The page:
And CNN's Anderson Cooper came out as a gay man, as half the world said "Duh" while the other half screamed "Finally!" But the U.K. enjoyed no such relief about their own royalty. Yes, Queen Elizabeth's Diamond Jubilee was a good-time gala capped off by disco singer Grace Jones gleefully spinning a hula hoop. But in other corners, when photos surfaced of a naked Prince Harry and a topless Kate Middleton, it became clear that the young royals were actually fun-loving humans with private parts, and that simply could not be allowed to happen. They'll no doubt never be seen in public again (which is fine with me).
In movies, the jewels in the crown continued to be gleamingly aggressive action franchises, with The Hunger Games, The Avengers, Breaking Dawn, Skyfall, and The Dark Knight Rises raking in the ka-ching. But the dark side of The Dark Knight happened in July, when a Joker opened fire at a midnight showing in a Denver suburb on the opening night of the relentlessly gloomy film. By the end, 12 were dead, more than 58 were injured, and a lot of people watched movies at home that weekend. (The Connecticut elementary school shooting in December fed even more cries for increased gun control, though the concept of whack-job control seemed out of everyone's grasp.)
Sad psychos were certainly in tune with the bleak mood that cinema was reflecting. Most of the big Oscar movies were based on horror, whether it be a tsunami, shipwreck, plane crash, slavery, 9/11, or Scientology. Les Misérables indeed, even if the accent was on human dignity and survival against all odds.
The year's real horrors included a sinking Battleship, a schizo Dark Shadows, and an unfunny Casa de Mi Padre. The Paperboy was a wan attempt at satirizing elaborately trashy behavior—it looked way better on paper—while the expensive flop Cloud Atlas was a wildly imaginative exercise in time-spanning and gender-morphing (partly written/directed by Lana), though as it went on interminably, it seemed like a movie about prosthetics buried inside an epic about makeup.
Prosthetics ruled the Academy Awards in February, when The Iron Lady's Meryl Streep won her first Oscar in 29 years, but she somehow made her acceptance speech a self-deprecating exercise in "Oh, her again?" What an actress! But even Meryl was upstaged by Angelina Jolie's leg sticking out of a slit in her dress, a très Jolie pose that was so bold and wacky it captivated the world as everyone set about putting the jutting leg on photos of Betty White and themselves. Quickly, the leg-out stance began to be seen as the only sensible response to a culture, economy, and ecology gone amok.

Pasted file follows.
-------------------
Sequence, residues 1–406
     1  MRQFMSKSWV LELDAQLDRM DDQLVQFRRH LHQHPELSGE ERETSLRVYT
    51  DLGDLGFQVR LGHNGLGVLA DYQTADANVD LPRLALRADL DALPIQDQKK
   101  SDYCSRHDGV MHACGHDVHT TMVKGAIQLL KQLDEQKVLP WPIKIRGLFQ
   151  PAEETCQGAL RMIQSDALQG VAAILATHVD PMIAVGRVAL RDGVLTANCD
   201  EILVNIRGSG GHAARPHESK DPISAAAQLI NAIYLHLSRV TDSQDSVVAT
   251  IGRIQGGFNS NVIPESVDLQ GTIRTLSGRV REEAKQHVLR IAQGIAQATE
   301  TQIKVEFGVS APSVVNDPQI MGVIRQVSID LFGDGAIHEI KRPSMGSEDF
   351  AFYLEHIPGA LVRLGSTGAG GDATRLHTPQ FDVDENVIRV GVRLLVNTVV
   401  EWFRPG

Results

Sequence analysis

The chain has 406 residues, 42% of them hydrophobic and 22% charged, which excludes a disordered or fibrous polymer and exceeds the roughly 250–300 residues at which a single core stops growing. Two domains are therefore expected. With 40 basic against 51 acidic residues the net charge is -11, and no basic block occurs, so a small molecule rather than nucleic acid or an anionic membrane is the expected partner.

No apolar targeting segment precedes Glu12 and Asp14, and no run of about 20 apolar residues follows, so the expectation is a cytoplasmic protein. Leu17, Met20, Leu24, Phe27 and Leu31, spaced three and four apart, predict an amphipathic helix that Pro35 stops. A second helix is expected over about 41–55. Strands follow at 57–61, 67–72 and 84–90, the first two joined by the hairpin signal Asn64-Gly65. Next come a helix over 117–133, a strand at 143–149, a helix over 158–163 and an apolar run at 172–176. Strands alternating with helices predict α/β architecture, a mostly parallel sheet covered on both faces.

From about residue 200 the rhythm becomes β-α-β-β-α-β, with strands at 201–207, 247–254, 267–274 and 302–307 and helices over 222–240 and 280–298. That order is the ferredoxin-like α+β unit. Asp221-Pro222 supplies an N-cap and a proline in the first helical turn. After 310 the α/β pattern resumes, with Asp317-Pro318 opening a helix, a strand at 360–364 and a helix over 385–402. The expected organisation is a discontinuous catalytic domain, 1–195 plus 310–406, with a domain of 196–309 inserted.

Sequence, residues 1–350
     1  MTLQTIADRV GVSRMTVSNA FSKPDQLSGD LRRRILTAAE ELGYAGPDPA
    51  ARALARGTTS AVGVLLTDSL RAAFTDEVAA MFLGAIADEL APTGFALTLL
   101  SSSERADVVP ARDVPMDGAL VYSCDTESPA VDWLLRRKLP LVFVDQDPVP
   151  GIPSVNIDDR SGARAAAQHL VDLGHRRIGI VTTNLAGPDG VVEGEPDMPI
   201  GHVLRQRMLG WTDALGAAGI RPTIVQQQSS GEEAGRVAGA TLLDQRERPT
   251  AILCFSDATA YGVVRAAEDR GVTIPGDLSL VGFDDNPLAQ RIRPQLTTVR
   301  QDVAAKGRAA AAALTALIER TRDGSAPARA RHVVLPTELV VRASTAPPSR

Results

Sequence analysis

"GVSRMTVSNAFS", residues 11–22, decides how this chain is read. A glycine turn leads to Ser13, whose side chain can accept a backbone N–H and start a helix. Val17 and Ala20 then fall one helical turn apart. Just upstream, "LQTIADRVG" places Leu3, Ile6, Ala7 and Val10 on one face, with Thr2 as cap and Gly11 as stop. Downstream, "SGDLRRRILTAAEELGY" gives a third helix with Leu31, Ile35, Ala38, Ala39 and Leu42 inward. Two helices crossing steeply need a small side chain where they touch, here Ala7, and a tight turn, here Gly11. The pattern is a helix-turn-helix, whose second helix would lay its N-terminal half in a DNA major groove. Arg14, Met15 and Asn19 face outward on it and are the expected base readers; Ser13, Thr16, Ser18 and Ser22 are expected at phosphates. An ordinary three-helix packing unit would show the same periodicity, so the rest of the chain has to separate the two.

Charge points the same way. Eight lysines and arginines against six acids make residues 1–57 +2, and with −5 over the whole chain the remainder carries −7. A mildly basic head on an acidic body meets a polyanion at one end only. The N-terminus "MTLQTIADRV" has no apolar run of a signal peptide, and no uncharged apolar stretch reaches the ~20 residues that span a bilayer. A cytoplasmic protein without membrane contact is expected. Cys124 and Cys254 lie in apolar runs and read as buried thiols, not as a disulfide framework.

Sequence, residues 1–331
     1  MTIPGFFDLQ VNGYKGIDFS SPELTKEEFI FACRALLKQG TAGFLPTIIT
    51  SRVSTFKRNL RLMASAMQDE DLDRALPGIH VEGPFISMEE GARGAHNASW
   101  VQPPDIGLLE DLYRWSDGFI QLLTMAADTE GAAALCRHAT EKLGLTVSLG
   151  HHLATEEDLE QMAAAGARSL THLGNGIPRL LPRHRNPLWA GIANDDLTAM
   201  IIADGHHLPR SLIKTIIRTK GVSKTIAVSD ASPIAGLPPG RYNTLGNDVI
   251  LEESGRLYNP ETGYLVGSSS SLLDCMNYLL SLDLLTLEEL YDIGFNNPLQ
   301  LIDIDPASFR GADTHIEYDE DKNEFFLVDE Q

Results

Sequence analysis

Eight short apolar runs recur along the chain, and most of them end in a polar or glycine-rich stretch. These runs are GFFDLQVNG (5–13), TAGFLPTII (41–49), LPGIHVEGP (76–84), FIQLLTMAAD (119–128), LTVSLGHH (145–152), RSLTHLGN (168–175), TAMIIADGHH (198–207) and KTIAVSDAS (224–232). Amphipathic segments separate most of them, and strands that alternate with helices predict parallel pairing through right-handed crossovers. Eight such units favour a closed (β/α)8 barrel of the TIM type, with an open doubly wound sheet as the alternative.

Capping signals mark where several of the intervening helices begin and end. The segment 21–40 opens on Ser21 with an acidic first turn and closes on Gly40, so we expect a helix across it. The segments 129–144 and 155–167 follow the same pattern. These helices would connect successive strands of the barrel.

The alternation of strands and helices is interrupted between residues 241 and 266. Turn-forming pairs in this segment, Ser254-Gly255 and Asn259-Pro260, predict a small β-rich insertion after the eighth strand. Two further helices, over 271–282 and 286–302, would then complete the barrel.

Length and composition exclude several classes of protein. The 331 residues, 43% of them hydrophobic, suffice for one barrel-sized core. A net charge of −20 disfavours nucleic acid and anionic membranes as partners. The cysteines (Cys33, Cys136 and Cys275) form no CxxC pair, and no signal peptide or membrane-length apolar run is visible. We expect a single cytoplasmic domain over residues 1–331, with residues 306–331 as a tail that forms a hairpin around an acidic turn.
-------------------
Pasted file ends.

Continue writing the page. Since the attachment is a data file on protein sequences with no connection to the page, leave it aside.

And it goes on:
Straight out of The Paperboy, Honey Boo Boo and her family nabbed better cable ratings than the debates, proving that white trash is better off running for beauty titles than for elected office. And with Uncle Poodle along for the ride, there was even a positive message that "ain't nothing wrong with being a little bit gay. Everybody's a little bit gay."
In music, a yay-gay Carly Rae Jepsen video ("Call Me Maybe") launched the year's most unavoidable hookup anthem, while Justin Bieber and the Brit boyband One Direction also stoked the Clearasil-for-lunch bunch with looks and ambiguity. The indestructible Madonna got into various battles with the new her, Lady Gaga, whose "Born This Way" Madonna mashed into "Express Yourself" to make a point about reduction. But the older gal put away her hate pom-poms for a moment and asked Gaga to perform with her, maybe so they could bury the hatchet in Katy Perry. When Gaga declined, Madonna no doubt started rustling through whole binders full of other divas.
On Broadway, medium-successful movies like Newsies and Once morphed into large musical hits. But in books, it was big-name sex that sold, especially if the big names happened to be extremely dead. Ex-Hollywood-pimp Scotty Bowers's Full Service revealed that virtually every old-time star was gay and ate doody sandwiches, while actor Frank Langella's Dropped Names went for more probing portraits of late legends, while also dissecting a lot of their sexual predilections (if not always his own).
New York City itself went through a full plate of proverbial crap sandwiches—probably courtesy of Chick-fil-A—from a shoot-out in front of the Empire State Building (overreacting police did most of the killing) to a harrowing death on the subway tracks, which a photographer controversially snapped for posterity, then "licensed" the photo. A natural disaster was inevitable, too, one so whopping it destroyed Halloween while supplanting its fear tactics. On October 29, Hurricane Sandy traumatized the country and the Caribbean, killing more than 100 people in and across New York. The accompanying blackout caused major inconvenience while reinforcing our long-running have-and-have-not divide. Downtown Manhattanites (south of 39th Street) and residents of the far reaches of certain boroughs found themselves utterly powerless, while uptowners went department store hopping without even realizing there had been a problem.
As the affected returned to a state of dry safety—some faster than others—none of the angst could be washed down with a Big Gulp, since the board of health had approved Bloomberg's measure that would ban movie theaters and restaurants from selling sodas larger than 16 ounces. As a result, we wondered: Is this so Drake won't be able to throw large sodas? Can't we just order seconds? And won't this be another unneeded blow to—everybody now—the economy? Oh, well. Cheers (with 15 ounces) to a better 2013. Tan off, leg out, hand on hip, kick that empty chair away, and smile. And stop picking on Big Bird! Elmo, on the other hand . . .